There are several barriers to effective pain management in cancer patients.5,19,20,21 These may be classified into barriers related to the health care professionals, barriers related to the patient, and barriers related to the health care system. Barriers related to health care professionals include: Insufficient knowledge of pain management, poor assessment of pain, concern about regulation of opioids, fear of patient addiction and tolerance to opioids and side effects of the analgesics. Unfounded fear of addiction may lead caregivers to administer opioids as a last resort. As a result, many patients may not receive potent analgesics required to relieve severe cancer pain. In the case of children, misunderstanding of the pharmacokinetics of opioids can result in prescribing analgesics in inadequate doses, at inappropriate intervals and by unnecessarily painful or less effective routes.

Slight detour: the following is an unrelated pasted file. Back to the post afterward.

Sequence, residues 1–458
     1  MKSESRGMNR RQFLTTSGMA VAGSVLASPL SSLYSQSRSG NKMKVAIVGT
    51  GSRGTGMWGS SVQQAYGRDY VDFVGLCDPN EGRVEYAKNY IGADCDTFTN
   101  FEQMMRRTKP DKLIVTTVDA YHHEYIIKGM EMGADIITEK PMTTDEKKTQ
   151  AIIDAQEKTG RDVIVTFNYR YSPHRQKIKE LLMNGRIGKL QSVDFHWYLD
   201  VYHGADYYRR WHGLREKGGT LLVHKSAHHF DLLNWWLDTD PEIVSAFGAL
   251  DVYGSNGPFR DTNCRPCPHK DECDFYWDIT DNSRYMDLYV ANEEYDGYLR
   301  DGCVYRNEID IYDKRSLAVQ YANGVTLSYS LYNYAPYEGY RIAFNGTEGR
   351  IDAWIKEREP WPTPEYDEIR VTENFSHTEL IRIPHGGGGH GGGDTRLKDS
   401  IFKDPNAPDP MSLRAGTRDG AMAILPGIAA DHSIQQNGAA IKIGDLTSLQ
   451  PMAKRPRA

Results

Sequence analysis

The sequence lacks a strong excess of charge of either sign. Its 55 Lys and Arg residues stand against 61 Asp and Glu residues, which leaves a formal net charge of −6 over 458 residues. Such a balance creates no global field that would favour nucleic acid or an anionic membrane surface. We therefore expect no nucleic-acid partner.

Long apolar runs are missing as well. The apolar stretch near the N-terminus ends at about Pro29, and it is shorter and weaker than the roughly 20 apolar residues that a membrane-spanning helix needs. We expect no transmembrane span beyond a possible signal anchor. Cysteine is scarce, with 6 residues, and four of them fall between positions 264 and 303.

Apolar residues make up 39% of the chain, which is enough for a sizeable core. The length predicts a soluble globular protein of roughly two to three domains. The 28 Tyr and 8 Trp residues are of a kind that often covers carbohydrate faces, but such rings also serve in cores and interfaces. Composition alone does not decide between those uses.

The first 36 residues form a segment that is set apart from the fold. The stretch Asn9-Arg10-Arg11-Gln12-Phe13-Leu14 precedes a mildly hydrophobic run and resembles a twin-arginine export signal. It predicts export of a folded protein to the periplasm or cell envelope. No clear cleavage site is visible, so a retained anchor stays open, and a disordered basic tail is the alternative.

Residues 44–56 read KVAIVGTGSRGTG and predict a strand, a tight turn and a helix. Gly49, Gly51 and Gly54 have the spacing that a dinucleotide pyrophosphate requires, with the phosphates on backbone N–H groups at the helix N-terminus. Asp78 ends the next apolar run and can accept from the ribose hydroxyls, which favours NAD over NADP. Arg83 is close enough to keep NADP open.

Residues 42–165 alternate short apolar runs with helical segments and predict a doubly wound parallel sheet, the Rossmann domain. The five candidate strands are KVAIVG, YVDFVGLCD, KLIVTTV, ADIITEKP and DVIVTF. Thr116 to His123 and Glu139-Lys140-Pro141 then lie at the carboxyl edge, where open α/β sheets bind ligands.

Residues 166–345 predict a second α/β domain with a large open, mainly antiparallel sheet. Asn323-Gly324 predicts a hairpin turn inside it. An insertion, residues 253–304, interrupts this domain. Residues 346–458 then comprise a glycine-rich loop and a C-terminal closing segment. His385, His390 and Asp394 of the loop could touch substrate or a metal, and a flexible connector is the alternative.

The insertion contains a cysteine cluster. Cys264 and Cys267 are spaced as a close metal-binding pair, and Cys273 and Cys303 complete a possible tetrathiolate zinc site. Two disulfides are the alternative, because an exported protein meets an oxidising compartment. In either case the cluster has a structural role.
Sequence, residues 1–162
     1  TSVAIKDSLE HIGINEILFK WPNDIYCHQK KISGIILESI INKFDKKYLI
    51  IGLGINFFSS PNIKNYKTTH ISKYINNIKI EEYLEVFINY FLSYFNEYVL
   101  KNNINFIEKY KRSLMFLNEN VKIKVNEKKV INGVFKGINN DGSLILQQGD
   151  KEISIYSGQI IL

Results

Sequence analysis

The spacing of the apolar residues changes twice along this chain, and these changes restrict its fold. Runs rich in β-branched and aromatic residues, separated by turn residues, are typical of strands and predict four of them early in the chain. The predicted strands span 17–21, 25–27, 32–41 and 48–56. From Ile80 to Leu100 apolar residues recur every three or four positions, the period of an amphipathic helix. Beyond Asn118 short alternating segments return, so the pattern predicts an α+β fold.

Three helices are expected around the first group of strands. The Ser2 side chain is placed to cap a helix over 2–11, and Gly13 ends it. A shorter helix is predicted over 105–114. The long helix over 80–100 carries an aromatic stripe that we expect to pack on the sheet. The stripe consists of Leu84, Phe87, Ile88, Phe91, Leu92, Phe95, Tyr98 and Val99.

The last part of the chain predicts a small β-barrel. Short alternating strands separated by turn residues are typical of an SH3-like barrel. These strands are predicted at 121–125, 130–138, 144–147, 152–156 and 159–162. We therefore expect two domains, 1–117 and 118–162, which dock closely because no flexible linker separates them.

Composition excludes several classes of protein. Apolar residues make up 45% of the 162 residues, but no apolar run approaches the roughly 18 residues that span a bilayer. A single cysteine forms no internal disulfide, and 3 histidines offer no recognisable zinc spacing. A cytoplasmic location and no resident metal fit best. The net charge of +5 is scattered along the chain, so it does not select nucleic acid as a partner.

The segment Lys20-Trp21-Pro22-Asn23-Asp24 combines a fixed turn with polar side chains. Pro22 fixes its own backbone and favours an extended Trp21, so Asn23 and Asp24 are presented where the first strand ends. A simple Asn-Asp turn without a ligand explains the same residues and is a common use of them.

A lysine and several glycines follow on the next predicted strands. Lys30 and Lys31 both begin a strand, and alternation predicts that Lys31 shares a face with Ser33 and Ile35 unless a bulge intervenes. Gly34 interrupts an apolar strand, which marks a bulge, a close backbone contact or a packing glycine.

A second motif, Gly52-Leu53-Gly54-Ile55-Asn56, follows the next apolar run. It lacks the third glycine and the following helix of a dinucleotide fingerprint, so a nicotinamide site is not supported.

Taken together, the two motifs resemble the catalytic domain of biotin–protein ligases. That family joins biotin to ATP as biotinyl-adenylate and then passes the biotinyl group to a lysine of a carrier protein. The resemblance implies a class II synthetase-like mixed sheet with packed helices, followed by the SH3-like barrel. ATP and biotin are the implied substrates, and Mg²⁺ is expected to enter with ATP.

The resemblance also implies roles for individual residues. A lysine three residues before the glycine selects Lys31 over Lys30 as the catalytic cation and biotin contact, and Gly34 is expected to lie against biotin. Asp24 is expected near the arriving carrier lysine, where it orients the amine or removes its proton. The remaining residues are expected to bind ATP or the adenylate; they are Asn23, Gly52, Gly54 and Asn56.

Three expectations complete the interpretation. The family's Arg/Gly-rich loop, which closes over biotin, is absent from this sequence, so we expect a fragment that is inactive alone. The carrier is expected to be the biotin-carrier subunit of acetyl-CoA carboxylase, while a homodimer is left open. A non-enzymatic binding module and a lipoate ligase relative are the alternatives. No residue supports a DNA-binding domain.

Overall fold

Barriers related to patients include reluctance to report pain, reluctance to take analgesics for various reasons, concern about distracting the physicians from treating the underlying disease, fear of being thought of as a drug addict, concern about side effects and tolerance to the drugs, and poor drug compliance. Problems related to the health care system include restrictive regulation of controlled drugs, availability or accessability to the patient, high cost of drugs, low priority given to cancer pain treatment and inadequate or no reimbursement for these drugs.

State and local laws may restrict the medical use of opioids to relieve cancer pain, and third-party payers may not reimburse for non-invasive pain control treatments. Thus, clinicians should work with regulators, pharmacists, state cancer pain initiatives, or other groups to eliminate these health care system barriers to effective pain management. Effective pain management is best achieved by a team approach involving patients, their families and health care providers.



There are four basic approaches to cancer pain control: modify the source of pain, alter central perception of pain, modulate transmission of pain to the central nervous system (CNS) and block transmission of pain to the CNS.22